It is tempting to abandon our greater purpose in pursuit of temporary security—or even the illusion of it. Jesus said, “Who of you by worrying can add a single hour to his life?” (Matthew 6:27) Fear and worry are counterproductive. The wall around Kells did not endure, but as we know, the Book did (I had the privilege of visiting Trinity College Library in Dublin and seeing the Book of Kells firsthand). When fear causes us to lose sight of God and His purposes for us, it undermines our faith. Paul writes, “There is no fear in love. But perfect love drives out fear, because fear has to do with punishment. The one who fears is not made perfect in love.” (I John 4:18) God, the first and greatest Creator, created us in His image; our creativity is uniquely human, and should be cherished. Brendan, though only a child, understood that, while his uncle quite forgot it.
As Brendan continually puts aside his own fears, his bravery begins to inspire others. When he must once again brave the dangerous forest in search of an important tool needed for the Book, he must overcome great obstacles and great fears in order to obtain it. Through his adventure, his own bravery inspires Aisling to work through some of her own fears. He also inspires Brother Aiden, as well as the other illuminators, to persevere in the midst of their trials, and ultimately, he even inspires his uncle to see his own errors.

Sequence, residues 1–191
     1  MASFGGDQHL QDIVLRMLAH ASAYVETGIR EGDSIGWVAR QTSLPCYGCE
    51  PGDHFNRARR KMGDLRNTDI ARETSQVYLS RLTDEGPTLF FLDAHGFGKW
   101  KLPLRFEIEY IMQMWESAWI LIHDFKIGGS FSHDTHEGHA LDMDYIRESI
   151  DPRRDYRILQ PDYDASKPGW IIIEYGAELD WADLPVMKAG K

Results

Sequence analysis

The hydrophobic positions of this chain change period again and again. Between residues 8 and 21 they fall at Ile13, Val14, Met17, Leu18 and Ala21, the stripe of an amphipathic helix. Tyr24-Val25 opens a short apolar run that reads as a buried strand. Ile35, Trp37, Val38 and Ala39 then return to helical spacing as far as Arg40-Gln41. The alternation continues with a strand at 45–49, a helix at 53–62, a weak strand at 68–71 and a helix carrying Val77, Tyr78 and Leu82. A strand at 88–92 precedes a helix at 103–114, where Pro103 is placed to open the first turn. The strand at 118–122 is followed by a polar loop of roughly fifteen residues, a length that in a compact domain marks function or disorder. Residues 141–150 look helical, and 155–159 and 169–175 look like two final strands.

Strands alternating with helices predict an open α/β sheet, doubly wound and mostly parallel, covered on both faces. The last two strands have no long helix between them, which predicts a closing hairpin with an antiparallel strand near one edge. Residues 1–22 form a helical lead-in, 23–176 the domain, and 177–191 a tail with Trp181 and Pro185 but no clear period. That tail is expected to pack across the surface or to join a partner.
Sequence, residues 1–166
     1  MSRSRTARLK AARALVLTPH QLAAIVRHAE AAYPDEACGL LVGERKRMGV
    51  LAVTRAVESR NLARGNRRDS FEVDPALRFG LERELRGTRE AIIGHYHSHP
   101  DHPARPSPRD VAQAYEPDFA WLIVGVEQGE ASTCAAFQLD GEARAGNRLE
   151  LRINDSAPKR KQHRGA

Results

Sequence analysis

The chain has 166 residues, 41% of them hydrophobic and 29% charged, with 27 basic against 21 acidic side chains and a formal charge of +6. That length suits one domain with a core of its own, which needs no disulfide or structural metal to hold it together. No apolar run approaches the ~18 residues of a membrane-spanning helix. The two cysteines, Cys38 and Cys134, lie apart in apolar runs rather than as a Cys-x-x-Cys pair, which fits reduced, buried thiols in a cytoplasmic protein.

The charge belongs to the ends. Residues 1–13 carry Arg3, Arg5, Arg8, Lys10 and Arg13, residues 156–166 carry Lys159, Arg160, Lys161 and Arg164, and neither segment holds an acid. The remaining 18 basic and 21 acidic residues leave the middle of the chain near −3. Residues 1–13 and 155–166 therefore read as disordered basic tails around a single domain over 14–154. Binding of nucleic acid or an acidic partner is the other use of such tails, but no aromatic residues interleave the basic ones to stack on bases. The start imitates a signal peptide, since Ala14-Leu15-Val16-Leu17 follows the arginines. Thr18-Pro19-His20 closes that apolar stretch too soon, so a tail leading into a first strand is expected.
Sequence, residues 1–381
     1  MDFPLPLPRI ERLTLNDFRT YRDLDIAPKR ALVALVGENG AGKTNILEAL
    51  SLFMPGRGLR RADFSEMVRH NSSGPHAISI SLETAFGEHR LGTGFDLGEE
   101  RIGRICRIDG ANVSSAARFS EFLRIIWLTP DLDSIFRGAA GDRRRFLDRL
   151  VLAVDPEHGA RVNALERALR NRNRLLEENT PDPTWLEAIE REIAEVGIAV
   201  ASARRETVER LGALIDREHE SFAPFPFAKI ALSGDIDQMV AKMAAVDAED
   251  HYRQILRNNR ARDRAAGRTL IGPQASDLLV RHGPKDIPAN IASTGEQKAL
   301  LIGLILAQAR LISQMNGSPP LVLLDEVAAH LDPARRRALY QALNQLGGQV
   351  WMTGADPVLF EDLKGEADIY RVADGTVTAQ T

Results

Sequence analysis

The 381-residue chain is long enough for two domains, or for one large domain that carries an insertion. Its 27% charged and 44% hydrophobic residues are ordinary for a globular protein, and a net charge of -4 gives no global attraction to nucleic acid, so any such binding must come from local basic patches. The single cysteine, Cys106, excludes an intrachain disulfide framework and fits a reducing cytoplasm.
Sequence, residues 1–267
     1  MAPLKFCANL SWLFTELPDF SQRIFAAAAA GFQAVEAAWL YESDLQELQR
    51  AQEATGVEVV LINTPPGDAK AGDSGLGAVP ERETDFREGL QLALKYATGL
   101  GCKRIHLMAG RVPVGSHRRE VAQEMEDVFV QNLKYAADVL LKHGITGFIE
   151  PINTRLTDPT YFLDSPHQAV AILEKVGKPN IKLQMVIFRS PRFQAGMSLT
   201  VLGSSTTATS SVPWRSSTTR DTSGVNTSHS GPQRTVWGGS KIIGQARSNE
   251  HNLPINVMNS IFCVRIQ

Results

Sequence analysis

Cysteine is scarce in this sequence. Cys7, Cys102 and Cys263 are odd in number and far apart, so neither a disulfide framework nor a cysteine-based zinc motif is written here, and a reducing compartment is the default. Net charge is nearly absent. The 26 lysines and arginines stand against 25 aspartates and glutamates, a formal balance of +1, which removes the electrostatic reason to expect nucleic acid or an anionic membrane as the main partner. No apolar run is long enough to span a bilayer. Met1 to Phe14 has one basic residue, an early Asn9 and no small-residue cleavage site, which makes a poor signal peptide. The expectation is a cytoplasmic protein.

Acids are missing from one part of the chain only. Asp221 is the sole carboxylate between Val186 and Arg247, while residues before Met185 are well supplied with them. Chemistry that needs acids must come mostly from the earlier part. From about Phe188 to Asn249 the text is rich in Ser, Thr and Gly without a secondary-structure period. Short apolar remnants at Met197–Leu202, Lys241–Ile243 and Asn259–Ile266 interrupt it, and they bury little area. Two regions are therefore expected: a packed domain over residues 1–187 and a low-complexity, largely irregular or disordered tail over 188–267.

The artistry in The Secret of Kells is unparalleled. Every visual element works together to create a world of fantasy and mystery that is infused with magic at every moment. The style is very little like what American animation studios generate—where the style that has developed here in the States involves, for the most part, creating the illusion of a 3-dimensional world on screen, The Secret of Kells does almost the inverse. It does not follow strict rules of perspective; rather, it looks like a series of 2-dimensional illustrations come to life—much like a book. The painterly backgrounds and the Gallic motifs throughout the film (motifs directly influenced by the artwork in the Book of Kells) further enhance this illusion of a book that has come to life. Another thing I love about the style of this film is that it breaks the convention of remaining within the 16:9 format dictated by the screen; throughout the story, the film makes use of extreme anamorphic frames, as well as diptych and triptych formats.
I love that The Secret of Kells highlights the importance of artistry and creativity. When life feels hectic and stressful, creativity can seem frivolous and superfluous (it did to the Abbot)—but it is a gift from God, and it is a means by which we can show Him to others. Brother Aiden tells Brendan that the Book is not meant to be kept hidden, but to be shown to the world. Luke 8:16 “No one lights a lamp and hides it in a jar or puts it under a bed. Instead, he puts it on a stand, so that those who come in can see the light.”
“And yet, I have seen beauty thrive in the most fragile of places. I have seen the book—the book that turns darkness into light.” -The Secret of Kells